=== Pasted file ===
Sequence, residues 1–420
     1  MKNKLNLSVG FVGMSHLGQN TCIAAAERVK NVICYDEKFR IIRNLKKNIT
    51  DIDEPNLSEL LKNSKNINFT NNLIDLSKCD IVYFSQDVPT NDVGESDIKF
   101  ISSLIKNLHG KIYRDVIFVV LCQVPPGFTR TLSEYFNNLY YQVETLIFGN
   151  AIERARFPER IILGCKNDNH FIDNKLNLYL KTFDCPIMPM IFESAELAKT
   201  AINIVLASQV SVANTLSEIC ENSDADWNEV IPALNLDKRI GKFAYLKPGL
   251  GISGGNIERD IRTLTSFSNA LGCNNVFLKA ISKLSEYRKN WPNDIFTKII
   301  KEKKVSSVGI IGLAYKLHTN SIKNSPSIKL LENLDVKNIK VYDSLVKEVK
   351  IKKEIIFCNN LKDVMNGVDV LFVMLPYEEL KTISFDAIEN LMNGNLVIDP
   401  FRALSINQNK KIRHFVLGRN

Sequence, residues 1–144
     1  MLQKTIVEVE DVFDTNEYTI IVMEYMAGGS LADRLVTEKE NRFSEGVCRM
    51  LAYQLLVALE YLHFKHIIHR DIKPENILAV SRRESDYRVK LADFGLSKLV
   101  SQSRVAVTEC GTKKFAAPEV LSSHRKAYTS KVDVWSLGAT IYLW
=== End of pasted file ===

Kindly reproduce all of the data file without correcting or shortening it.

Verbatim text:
Sequence, residues 1–420
     1  MKNKLNLSVG FVGMSHLGQN TCIAAAERVK NVICYDEKFR IIRNLKKNIT
    51  DIDEPNLSEL LKNSKNINFT NNLIDLSKCD IVYFSQDVPT NDVGESDIKF
   101  ISSLIKNLHG KIYRDVIFVV LCQVPPGFTR TLSEYFNNLY YQVETLIFGN
   151  AIERARFPER IILGCKNDNH FIDNKLNLYL KTFDCPIMPM IFESAELAKT
   201  AINIVLASQV SVANTLSEIC ENSDADWNEV IPALNLDKRI GKFAYLKPGL
   251  GISGGNIERD IRTLTSFSNA LGCNNVFLKA ISKLSEYRKN WPNDIFTKII
   301  KEKKVSSVGI IGLAYKLHTN SIKNSPSIKL LENLDVKNIK VYDSLVKEVK
   351  IKKEIIFCNN LKDVMNGVDV LFVMLPYEEL KTISFDAIEN LMNGNLVIDP
   401  FRALSINQNK KIRHFVLGRN

Sequence, residues 1–144
     1  MLQKTIVEVE DVFDTNEYTI IVMEYMAGGS LADRLVTEKE NRFSEGVCRM
    51  LAYQLLVALE YLHFKHIIHR DIKPENILAV SRRESDYRVK LADFGLSKLV
   101  SQSRVAVTEC GTKKFAAPEV LSSHRKAYTS KVDVWSLGAT IYLW